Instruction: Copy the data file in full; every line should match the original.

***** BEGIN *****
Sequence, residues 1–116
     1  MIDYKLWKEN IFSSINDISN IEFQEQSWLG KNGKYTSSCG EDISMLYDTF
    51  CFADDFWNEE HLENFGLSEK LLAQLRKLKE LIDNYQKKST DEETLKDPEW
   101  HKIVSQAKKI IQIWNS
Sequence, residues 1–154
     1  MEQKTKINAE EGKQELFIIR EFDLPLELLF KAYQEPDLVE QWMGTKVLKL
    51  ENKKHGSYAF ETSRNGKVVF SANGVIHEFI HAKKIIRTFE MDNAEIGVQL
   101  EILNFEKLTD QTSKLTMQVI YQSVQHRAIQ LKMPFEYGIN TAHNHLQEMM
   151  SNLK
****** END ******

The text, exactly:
Sequence, residues 1–116
     1  MIDYKLWKEN IFSSINDISN IEFQEQSWLG KNGKYTSSCG EDISMLYDTF
    51  CFADDFWNEE HLENFGLSEK LLAQLRKLKE LIDNYQKKST DEETLKDPEW
   101  HKIVSQAKKI IQIWNS
Sequence, residues 1–154
     1  MEQKTKINAE EGKQELFIIR EFDLPLELLF KAYQEPDLVE QWMGTKVLKL
    51  ENKKHGSYAF ETSRNGKVVF SANGVIHEFI HAKKIIRTFE MDNAEIGVQL
   101  EILNFEKLTD QTSKLTMQVI YQSVQHRAIQ LKMPFEYGIN TAHNHLQEMM
   151  SNLK